Joyeux Noel: Use Analysis of this 2005 Movie to Bring the History of WWI Alive to Students
Joyeux Noel can be used in History, Civics, Government, and Psychology and Sociology classes on the High School level. Viewing this movie will spark classroom discussion about history, current events, humanity, and how what we learn from the past can shape our decisions today.
The following is a direct quote about Joyeux Noel from Kenneth Chisholm (firstname.lastname@example.org):
In 1914, World War I, the bloodiest war ever at that time in human history, was well under way. However on Christmas Eve, numerous sections of the Western Front called an informal, and unauthorized, truce where the various front-line soldiers of the conflict peacefully met each other in No Man's Land to share a precious pause in the carnage with a fleeting brotherhood. This film dramatizes one such section as the French, Scottish and German sides partake in the unique event, even though they are aware that their superiors will not tolerate its occurrence.
This movie depicts French, German, and Scottish soldiers on the front declaring a cease-fire through Christmas. Rather than a simplistic feel-good story, this film successfully explores various experiences on the front in 1914, including mixed emotions of those who were grieving the dead, those in command, and the various responses and repercussions of recognizing the humanity in the enemy.
Joyeux Noel was written and directed by Christian Carion. It was first released on May 16, 2005, at the Cannes Film Festival in France. It has been released in over 20 countries. The taglines for the movie include:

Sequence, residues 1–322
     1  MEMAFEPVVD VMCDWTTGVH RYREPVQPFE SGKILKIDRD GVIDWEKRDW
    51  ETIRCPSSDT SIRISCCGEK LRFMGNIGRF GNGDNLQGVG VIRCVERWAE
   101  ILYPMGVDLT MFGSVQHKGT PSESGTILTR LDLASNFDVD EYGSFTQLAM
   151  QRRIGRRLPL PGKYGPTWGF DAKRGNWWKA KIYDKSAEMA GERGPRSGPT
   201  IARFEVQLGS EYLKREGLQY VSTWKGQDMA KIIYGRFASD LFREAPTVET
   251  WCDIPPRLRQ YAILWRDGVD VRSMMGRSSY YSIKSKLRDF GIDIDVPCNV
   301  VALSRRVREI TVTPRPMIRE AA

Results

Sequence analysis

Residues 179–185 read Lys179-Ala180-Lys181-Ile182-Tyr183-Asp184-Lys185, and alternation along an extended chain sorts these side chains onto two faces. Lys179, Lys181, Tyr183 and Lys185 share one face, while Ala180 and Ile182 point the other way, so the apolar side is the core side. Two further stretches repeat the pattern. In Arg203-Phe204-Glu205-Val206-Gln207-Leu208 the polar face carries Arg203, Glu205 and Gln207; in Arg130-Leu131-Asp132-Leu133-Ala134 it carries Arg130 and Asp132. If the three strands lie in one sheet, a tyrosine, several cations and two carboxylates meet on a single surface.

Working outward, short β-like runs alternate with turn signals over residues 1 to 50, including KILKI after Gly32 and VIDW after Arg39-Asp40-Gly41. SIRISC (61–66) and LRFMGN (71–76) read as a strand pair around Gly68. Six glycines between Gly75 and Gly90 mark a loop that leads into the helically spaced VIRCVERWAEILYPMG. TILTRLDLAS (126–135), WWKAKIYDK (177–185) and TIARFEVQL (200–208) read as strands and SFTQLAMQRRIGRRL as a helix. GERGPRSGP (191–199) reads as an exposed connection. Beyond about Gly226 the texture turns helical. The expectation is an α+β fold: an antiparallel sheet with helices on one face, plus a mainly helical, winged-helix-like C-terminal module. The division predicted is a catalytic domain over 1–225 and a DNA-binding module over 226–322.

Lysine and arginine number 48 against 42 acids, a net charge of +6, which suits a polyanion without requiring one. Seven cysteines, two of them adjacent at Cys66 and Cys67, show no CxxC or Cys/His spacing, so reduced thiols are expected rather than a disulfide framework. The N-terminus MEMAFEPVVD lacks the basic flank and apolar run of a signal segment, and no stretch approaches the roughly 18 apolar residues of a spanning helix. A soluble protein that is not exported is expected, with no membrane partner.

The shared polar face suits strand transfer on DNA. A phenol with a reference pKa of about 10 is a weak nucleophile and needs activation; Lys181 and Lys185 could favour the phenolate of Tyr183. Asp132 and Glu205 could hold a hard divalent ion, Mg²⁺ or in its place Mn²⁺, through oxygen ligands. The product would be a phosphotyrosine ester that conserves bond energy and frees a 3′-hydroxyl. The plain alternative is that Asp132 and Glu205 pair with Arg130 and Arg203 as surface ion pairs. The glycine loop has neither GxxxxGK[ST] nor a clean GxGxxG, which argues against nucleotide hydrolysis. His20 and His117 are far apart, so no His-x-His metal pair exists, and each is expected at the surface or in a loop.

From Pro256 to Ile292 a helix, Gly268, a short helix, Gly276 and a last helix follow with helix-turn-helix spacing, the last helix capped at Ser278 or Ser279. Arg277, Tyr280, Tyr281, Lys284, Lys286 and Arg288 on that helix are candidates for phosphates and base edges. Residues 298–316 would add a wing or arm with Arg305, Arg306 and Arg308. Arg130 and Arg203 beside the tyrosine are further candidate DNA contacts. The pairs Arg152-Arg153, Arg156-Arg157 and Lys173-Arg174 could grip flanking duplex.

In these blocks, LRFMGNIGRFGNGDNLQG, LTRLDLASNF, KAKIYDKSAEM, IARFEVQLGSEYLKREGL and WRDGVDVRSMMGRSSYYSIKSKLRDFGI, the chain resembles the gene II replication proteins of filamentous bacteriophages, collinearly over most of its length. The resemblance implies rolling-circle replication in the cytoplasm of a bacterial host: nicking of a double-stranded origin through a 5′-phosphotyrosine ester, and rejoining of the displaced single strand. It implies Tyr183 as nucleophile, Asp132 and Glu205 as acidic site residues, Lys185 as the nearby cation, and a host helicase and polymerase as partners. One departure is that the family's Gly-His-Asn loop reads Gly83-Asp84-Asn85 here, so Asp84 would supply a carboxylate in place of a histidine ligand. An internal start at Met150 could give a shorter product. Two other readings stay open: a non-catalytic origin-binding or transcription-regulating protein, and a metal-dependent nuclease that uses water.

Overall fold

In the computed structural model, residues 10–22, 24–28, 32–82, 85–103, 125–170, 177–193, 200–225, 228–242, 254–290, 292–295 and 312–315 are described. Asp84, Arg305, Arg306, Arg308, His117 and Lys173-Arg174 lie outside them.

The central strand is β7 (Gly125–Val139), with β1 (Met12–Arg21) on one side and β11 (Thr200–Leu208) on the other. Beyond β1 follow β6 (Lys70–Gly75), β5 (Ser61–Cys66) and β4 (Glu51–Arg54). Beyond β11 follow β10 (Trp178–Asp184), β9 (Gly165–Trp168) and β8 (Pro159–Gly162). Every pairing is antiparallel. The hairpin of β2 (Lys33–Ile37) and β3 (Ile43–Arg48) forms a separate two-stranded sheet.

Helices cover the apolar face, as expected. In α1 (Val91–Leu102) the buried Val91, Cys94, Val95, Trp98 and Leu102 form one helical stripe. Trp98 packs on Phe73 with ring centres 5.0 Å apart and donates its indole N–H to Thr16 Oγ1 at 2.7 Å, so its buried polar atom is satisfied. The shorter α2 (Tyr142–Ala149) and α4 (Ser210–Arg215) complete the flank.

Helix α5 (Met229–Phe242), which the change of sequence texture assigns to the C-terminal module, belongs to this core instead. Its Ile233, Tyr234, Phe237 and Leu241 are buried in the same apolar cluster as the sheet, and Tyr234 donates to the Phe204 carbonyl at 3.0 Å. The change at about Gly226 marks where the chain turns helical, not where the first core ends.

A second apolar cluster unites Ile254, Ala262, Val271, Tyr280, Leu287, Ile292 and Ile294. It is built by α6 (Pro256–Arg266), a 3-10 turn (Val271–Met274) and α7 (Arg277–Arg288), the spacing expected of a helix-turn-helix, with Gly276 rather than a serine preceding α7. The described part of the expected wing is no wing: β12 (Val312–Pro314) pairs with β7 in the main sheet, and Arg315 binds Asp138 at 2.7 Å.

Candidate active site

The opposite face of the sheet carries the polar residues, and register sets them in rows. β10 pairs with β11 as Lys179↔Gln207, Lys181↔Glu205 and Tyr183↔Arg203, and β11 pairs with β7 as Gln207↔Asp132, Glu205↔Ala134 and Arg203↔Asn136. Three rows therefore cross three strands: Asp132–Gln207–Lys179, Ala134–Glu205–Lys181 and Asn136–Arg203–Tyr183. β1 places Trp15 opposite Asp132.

France 1914. A moment of humanity that made history.
Without an enemy there can be no war.
This movie has been nominated for and won numerous awards. It is available in French with English subtitles, and can easily be found for rental.
Uses in the Classroom
High School students studying WWI in history class are not the only students who should see this movie. It is also useful and thought-provoking for government and civics, psychology and sociology classes. Youth groups are well-advised to sponsor a group viewing of this movie followed by discussion.
For history class, review causes of WWI and what each participating country wanted to achieve. Invite students to think about and suggest parallels that they may or may not recognize in current events. Watch the movie together.
Regardless of which class you are teaching, after viewing this movie guide your students in discussion about what this movie says about humanity and psychology, how it relates to current events, and any universal themes your students recognize. Instruct your students to choose one of the many themes they come up with, and write a five paragraph essay relating their theme and the movie.